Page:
Robert Blake: ‘I went in with my eyes open. I was really aware there was a potential problem. I didn’t go there blind’
A self-employed saver snared by the baffling state pension top-ups system has won a £540 refund and received an apology.
Robert Blake, 62, had grilled government staff on whether filling a four-year gap in his payment record would improve his pension, before handing over any cash.
When to his dismay his top-ups still turned out to be worthless, his attempts to sort this out resulted in him receiving a further round of conflicting information, then a firm refusal by the taxman to return his money.
Mr Blake, a retired gardener from Derbyshire, wrote about his ordeal to our pension expert, Steve Webb, who recently condemned the ‘Russian Roulette’ top-ups system in his column.
‘You are my last chance of recovering my refund,’ he said in his message to the former Pensions Minister. ‘This is a lot of money for me and money which I cannot replace.’
After This is Money challenged HMRC about its treatment of Mr Blake, it promised him a full refund and an extra £135 by way of apology.
>>>Read HMRC’s full statement and Steve Webb’s comment on this case below
This is Money and our sister publication Money Mail called for an overhaul of the state pension top-ups offered to millions of savers after a deluge of complaints from readers about the confusing and chaotic system.
We covered numerous cases of savers who bought worthless top-ups and were refused their money back, before HMRC changed its stance and started routinely issuing refunds.
Those involved ‘class three’ top-ups paid by employed people.
Why do some top-ups NOT improve the state pension?
An overhaul in April 2016 replaced the old two-tier system with a flat-rate state pension, which is now worth £175.20 a week if you qualify for the full amount.
As a result of the revamp, some people have already maxed out any possible benefits from the old basic rate state pension, and will only find it worth buying top-ups – officially known as Class 3 contributions – for years following the changeover.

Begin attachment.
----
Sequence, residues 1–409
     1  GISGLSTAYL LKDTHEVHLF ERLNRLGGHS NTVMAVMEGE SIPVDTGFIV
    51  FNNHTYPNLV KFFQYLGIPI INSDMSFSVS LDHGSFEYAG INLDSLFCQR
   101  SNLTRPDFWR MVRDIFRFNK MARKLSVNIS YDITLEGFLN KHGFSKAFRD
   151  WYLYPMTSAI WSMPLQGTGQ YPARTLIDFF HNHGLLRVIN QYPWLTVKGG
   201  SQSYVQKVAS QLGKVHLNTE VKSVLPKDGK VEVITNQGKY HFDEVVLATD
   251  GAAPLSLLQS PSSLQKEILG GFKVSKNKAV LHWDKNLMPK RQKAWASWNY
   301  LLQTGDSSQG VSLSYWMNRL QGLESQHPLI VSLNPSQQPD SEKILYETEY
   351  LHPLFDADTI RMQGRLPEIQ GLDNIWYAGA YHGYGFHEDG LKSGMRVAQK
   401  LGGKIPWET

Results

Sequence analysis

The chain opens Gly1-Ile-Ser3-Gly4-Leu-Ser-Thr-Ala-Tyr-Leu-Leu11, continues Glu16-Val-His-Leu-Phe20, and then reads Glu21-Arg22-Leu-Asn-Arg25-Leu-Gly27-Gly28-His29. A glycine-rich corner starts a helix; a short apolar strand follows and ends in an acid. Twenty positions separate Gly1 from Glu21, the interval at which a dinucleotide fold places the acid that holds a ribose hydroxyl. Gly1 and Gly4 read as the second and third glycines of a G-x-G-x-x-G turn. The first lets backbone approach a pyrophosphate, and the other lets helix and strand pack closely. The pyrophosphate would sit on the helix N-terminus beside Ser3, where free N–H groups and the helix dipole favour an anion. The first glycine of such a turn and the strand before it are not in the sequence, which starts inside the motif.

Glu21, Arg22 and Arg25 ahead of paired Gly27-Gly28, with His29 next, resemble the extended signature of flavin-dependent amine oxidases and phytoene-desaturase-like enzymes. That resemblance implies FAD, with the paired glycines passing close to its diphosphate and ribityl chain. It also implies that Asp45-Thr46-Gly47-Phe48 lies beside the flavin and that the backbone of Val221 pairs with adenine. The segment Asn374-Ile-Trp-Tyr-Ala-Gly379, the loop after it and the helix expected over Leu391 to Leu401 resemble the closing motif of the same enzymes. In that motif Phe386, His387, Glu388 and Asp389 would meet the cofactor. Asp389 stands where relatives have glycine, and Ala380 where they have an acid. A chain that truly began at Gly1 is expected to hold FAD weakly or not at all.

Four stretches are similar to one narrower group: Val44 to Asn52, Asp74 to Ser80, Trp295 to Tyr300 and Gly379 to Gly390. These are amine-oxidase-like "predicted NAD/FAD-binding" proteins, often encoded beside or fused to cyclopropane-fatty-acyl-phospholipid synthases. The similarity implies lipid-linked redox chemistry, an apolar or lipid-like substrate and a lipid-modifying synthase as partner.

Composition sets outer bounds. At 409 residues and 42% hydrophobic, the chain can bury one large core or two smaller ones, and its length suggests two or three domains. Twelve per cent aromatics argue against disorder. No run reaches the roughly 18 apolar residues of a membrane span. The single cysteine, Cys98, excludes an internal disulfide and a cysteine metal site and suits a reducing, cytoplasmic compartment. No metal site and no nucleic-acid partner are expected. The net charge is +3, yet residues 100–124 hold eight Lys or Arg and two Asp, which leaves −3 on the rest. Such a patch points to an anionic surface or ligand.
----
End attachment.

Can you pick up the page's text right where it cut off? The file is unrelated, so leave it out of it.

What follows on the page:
However, it depends on your personal National Insurance record, whether you were contracted out of the second state pension at any point, and other individual factors.
As Mr Blake was self-employed and his profits were under the annual limit for making compulsory contributions, he made voluntary ‘class two’ National Insurance payments to boost his state pension – see the box below.
When he bought his top-ups in June last year, Mr Blake was aware they sometimes turn out to be worthless, yet he still fell foul of the system.
He says before the purchase he questioned Department for Work and Pensions and HMRC staff closely during phone calls because he wanted to avoid this happening to him.
‘I went in with my eyes open. I was really aware there was a potential problem. I didn’t go there blind. I was very upset,’ he told This is Money.
When Mr Blake realised his top-ups had not increased his state pension, he says he had another round of frustrating calls with Government staff.
In the first, he was told he would get a refund. In the second, he was told he must send more information, which he supplied. In the third, he spoke to a staff member he says was ‘adamant’ he would not receive a refund.
Mr Blake adds that whenever he called the DWP or HMRC he was forwarded up to five or six times, and he kept being told someone else had given him wrong information, or another department would have to deal with his enquiry.
He was constantly unsure whether he was talking to staff at DWP or HMRC, which both deal with top-ups.
Eventually, he received a letter from HMRC’s complaints team which said: ‘I can appreciate how upsetting this matter has been, but I am afraid that once NICs have been paid, they cannot be refunded…I hope any future dealings with this office will be more agreeable.’